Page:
Facebook's Project Ripley wants to take Portal to the next level with video calling TV add-on

Facebook's Project Ripley wants to take Portal to the next level with video calling TV add-on
It’s no longer a secret that Facebook’s ambitions span far more domains than just social networking services and instant messaging apps. The increasingly controversial company seems to be ramping up its original video content production efforts, as well as joining the rapidly growing “smart display” market with rival Amazon’s help.

But despite privacy concerns, the Portal lineup might only be the first step in Facebook’s long-term strategy to take over your home. Enter Project Ripley, which the social media giant reportedly wants to see commercially materialized as early as next spring.

This is another bold hardware initiative bound to raise eyebrows among security and privacy advocates, as it aims to put a Facebook-connected camera on top of your TV. This would enable video calling on your living room big screen, as well as presumably support Facebook Watch and possibly other streaming platforms.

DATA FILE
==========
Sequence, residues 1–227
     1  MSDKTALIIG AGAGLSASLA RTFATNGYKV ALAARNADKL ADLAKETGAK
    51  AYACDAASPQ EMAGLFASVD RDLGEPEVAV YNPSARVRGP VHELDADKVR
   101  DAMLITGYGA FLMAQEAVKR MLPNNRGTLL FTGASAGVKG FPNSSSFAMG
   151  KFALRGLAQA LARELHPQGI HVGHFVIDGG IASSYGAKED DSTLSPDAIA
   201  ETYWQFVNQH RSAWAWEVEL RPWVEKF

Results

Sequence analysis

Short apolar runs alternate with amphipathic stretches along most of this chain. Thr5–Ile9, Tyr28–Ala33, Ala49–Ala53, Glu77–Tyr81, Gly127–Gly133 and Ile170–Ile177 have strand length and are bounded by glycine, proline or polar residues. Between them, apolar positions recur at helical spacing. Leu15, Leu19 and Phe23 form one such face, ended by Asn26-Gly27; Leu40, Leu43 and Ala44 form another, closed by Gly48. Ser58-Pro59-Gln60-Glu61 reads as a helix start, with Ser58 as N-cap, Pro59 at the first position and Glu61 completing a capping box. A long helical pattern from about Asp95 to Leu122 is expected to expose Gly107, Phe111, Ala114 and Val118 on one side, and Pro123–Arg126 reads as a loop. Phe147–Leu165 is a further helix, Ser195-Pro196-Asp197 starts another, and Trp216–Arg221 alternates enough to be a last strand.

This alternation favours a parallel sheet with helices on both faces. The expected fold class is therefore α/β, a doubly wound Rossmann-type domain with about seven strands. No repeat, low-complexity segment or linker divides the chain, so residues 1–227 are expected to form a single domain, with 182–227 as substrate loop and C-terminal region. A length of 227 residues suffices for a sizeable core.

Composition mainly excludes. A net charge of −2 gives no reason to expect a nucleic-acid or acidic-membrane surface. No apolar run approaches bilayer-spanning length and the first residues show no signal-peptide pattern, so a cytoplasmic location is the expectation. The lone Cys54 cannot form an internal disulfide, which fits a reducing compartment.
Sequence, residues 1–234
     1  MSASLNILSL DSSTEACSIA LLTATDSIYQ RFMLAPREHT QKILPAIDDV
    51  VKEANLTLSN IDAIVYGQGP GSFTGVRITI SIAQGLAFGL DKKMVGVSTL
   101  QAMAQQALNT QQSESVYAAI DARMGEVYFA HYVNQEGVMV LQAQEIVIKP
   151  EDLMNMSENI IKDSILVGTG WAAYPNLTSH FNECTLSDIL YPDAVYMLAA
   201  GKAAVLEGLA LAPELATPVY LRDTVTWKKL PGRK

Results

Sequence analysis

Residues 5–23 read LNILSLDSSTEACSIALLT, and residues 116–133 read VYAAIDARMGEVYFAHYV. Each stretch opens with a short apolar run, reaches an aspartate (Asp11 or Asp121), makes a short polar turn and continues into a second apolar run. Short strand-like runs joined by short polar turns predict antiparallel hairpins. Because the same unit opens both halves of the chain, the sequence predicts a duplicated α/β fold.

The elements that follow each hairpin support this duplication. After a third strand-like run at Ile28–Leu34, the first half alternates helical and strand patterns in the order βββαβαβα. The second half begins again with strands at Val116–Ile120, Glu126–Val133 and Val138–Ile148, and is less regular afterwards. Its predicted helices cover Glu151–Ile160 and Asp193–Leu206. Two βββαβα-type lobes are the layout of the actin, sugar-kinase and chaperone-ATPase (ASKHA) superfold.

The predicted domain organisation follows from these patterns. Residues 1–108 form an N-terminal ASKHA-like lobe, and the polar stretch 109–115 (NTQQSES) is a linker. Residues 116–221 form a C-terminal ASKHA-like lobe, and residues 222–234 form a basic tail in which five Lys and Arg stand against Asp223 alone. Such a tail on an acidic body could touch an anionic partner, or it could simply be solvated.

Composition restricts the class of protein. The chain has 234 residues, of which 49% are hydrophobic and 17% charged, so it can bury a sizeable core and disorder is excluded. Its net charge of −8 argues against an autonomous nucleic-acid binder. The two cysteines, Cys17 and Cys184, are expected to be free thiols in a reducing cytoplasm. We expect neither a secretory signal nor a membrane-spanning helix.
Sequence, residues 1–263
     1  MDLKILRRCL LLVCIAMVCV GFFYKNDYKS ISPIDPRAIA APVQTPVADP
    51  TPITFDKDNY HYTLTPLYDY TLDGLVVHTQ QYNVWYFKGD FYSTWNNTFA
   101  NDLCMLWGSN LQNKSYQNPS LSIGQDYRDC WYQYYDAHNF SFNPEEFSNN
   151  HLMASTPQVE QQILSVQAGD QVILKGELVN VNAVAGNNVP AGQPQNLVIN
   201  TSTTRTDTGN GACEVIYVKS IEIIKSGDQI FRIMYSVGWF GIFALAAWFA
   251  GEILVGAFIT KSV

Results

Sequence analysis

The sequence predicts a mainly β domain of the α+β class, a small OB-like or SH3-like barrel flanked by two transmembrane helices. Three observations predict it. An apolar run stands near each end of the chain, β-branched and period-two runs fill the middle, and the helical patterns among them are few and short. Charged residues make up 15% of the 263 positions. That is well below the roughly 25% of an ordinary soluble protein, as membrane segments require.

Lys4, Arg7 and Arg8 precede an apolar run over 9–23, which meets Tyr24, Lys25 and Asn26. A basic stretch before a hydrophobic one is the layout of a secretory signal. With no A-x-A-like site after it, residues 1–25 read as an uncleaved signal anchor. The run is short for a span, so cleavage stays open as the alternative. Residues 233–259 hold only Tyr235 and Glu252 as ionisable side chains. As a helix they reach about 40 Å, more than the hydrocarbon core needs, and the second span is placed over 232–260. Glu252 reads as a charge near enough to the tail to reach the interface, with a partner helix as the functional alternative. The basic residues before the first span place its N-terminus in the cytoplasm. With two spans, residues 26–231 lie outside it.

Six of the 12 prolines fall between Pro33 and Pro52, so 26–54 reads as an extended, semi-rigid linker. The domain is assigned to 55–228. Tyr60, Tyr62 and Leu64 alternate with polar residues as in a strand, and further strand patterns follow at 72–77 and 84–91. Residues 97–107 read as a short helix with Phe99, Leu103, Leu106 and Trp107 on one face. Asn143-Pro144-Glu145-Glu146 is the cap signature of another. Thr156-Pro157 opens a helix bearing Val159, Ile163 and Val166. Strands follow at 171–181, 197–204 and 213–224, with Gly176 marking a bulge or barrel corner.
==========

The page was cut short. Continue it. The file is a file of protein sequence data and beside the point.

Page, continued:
The obvious advantage over the Portal and Portal+ could be a significantly lower price, as the Ripley-codenamed device would use an existing display instead of sporting its own. But Facebook will need to work out partnerships with a number of high-profile content providers to take on Apple, Amazon, Google, or Roku in the home entertainment space. Currently, Spotify and Pandora are the only big names supporting the kitchen-oriented Portal duo.

In addition to “Ripley”, which is “still in development” and could always be delayed from its current spring of 2019 release target, Facebook is reportedly also working on “Edgefield”, “Innatum”, and “Sequoia” projects.

These three are even more ambitious... and therefore harder to complete, envisioning such futuristic, revolutionary products as an armband capable of translating sounds into vibrations that can be understood through human skin, a device reading brainwaves to anticipate what the user intends to type, and a virtual object projector supporting advanced AR experiences like displaying virtual board games on a physical table.

source: Cheddar

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